In the eight years since the financial crisis, a good deal has changed in the mortgage business. The industry has seen some of the biggest changes in the area of quality control, which has moved to the forefront of most lending institutions, Regulators are looking for banks and other lenders to have comprehensive and detailed quality control plans in place. Investors are likewise focused on the quality of mortgages. [paragraph] The government-sponsored enterprises (GSEs) seem to be moving toward requiring seller/servicers to be responsible for independent quality oversight. The GSE repurchase framework was overhauled in late 2014, and in October 2015 the agencies released another revised representation and warranty framework. The GSEs appear to be looking for lenders to get it right the first time rather than face the risk of repurchases. [paragraph] Some companies are taking a broader approach and implementing overall quality-management plans, which encompass not only quality control, but quality planning, quality assurance and quality improvement.
The four components of quality management are defined as:
* Quality planning--This step identifies requirements, sets criteria, and outlines proper processes and procedures.
* Quality assurance--This helps ensure that consistent results are provided. Quality assurance helps organizations avoid defects and mistakes in the mortgage loan process.
* Quality control--The quality of products or services are reviewed. This component includes testing to identify problems or issues that need correction.
* Quality improvement--Through quality improvement, the results can be measured and improvements in processes or procedures are made.
Even with all the efforts under way, there's still progress to be made. Many companies are taking piecemeal, reactive approaches to testing, monitoring and managing loan quality. Additionally, communication between departments is lacking and the result can be a fragmented and largely ineffective quality-control program.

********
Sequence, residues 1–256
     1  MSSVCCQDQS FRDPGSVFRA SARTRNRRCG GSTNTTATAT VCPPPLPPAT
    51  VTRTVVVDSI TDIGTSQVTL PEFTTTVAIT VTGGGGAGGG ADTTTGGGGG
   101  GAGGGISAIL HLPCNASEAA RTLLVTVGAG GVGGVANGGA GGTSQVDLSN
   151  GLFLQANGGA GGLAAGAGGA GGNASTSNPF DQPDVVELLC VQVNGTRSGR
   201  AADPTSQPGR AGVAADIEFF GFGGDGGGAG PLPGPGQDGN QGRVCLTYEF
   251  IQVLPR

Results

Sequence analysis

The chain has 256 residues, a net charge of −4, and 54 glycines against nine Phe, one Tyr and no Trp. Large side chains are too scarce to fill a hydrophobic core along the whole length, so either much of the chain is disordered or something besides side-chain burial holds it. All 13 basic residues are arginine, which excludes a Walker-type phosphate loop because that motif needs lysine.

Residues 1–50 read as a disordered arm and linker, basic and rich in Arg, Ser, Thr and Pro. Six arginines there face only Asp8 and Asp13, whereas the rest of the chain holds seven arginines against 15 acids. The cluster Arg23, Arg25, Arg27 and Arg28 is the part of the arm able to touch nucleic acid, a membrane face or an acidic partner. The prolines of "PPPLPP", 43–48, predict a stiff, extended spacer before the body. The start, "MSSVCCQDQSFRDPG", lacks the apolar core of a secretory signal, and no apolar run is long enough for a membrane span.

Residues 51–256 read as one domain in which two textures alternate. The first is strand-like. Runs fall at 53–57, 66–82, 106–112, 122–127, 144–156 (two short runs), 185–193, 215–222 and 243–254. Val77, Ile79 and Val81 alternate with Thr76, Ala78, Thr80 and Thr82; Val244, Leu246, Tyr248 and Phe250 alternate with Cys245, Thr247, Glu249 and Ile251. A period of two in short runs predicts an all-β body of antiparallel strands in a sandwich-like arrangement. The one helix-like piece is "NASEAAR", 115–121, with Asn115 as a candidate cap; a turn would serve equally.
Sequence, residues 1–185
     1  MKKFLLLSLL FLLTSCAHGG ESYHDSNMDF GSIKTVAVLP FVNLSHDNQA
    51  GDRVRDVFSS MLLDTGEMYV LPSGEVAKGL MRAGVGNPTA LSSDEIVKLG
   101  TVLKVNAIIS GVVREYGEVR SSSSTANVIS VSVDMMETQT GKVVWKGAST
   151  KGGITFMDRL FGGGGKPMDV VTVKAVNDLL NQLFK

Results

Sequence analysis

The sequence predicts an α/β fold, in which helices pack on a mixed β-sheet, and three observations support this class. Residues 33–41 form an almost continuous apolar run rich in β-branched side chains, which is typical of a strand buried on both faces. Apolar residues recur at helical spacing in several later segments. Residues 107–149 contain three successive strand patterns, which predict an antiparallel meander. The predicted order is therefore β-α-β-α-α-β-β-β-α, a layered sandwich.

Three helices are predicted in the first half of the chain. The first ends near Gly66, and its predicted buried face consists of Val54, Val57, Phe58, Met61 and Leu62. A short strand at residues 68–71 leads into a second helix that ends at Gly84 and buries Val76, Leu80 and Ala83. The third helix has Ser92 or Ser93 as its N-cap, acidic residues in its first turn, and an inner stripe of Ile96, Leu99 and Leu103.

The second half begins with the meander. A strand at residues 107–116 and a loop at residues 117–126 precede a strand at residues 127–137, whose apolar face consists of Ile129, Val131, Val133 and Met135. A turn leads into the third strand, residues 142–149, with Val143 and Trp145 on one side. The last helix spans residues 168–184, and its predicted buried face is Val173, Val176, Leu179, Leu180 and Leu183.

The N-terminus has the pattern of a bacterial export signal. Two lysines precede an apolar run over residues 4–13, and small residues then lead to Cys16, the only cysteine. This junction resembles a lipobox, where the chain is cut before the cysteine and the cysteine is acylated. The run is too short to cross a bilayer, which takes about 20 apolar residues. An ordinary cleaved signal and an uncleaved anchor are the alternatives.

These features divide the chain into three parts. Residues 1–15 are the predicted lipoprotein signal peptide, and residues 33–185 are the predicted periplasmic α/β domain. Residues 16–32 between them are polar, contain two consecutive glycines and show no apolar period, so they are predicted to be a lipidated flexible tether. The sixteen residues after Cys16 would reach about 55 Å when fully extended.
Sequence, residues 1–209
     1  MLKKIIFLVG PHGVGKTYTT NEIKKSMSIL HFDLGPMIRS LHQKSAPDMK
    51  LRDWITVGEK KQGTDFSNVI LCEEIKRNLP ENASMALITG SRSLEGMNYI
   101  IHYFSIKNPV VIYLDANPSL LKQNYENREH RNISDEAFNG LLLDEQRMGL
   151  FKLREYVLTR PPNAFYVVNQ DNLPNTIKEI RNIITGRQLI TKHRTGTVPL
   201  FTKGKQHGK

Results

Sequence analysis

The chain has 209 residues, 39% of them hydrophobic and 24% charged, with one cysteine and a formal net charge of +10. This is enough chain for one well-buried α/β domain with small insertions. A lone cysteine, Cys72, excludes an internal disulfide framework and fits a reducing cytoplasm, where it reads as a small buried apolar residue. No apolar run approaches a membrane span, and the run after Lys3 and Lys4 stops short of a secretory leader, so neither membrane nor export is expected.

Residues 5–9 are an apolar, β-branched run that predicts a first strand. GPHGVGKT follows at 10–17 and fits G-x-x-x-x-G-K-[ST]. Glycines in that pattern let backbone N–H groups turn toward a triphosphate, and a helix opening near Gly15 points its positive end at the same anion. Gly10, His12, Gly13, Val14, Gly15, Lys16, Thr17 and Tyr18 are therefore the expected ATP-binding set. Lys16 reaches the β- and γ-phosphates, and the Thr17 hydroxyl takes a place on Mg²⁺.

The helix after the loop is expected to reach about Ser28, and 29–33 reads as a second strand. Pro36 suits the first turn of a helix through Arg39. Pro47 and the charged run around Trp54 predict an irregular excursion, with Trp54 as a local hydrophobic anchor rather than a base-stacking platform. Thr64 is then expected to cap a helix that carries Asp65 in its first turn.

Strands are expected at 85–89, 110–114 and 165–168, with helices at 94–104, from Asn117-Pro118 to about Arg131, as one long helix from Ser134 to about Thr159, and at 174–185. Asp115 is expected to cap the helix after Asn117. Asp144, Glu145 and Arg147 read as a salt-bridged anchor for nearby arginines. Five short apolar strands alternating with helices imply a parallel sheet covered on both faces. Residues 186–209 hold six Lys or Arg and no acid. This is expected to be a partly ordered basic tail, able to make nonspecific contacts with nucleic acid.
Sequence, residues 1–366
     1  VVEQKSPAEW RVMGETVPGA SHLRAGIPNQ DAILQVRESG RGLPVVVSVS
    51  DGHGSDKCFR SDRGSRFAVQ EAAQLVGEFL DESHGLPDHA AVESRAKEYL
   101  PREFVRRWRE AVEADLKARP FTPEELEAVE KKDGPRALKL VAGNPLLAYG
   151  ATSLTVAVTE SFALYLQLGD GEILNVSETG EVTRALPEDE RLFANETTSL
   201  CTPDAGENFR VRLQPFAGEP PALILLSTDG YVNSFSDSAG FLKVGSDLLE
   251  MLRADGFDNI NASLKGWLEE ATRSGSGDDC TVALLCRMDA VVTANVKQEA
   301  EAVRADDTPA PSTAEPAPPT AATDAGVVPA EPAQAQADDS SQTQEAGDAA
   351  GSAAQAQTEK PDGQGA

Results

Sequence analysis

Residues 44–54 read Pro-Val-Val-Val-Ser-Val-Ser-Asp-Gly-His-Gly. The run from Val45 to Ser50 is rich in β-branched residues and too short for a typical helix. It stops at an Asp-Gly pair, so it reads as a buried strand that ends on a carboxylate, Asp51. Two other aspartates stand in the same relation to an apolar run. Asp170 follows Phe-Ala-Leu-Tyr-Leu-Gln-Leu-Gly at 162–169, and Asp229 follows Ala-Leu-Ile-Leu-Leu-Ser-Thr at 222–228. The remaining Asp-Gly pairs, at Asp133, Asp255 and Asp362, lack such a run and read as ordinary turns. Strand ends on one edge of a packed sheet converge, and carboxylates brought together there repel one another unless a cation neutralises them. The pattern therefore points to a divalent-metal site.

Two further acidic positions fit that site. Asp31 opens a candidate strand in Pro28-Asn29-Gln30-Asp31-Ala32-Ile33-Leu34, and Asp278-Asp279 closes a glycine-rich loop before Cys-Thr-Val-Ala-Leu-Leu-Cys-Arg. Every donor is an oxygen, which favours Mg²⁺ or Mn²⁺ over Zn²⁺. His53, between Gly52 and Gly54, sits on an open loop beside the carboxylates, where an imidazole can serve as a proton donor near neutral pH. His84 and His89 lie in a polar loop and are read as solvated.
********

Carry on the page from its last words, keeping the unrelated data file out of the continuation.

Servicing quality is improving
It's certainly no news flash that mortgage servicing is being scrutinized heavily by regulators. The Consumer Financial Protection Bureau (CFPB), investors, the GSEs and Department of Housing and Urban Development (HUD) all require servicers to continually monitor and audit their servicing departments.
With investors and regulators requiring increased clarity on how loans are serviced, mortgage servicers have been obligated to make drastic changes in the way they do business. Mortgage servicers have had to develop new processes, and in some cases build new servicing organizations.
Managing the quality of servicing has become extremely important in the wake of new regulations and directives over the past several years.
Chief among those is the National Mortgage Settlement (NMS) agreed upon in 2012, which created new servicing standards for the banks covered under the settlement--five of the largest servicers in the country. The NMS established nationwide reforms to servicing standards, which required better communication with borrowers, a single point of contact (SPOC), adequate staffing levels, training and appropriate standards for executing documents in foreclosure cases. Today the settlement covers seven of the nation's largest servicers.
The settlement struck a powerful blow to the top banks, which have spent significant money to comply with the terms of the settlement. But banks are realizing that certain mandates of the settlement are providing real value to their organizations. For example, the internal review group (IRG) model appears to be working and will likely continue in some form well past the settlement end date (see sidebar, "The IRG Model Is Here for the Long Term").
Perhaps the most significant consequence of the reforms to mortgage servicing standards are the organizational habits servicers have created following three years--or 12 quarters--of oversight to ensure the implementation and ongoing monitoring of the end-to-end servicing process.
In particular, the NMS and regulators have focused on servicers' unfair and deceptive interaction with borrowers. For example, in the CFPB's summer 2015 issue of Supervisory Highlights, examiners found at least one servicer that sent notices of intent to foreclose to borrowers already approved for a trial modification.
Then, in its fall 2015 issue of Supervisory Highlights, the CFPB outlined several ways that examiners found servicers had violated Regulation X, which implements the Real Estate Settlement Procedures Act (RESPA) of 1974. Effective January 2014, the CFPB amended Regulation X to modify and streamline certain servicing-related provisions. The violations reported in the fall of 2015 included:
* Upon the death of a borrower, one or more servicers lacked any policies and procedures for identifying and facilitating communication with successors in interest.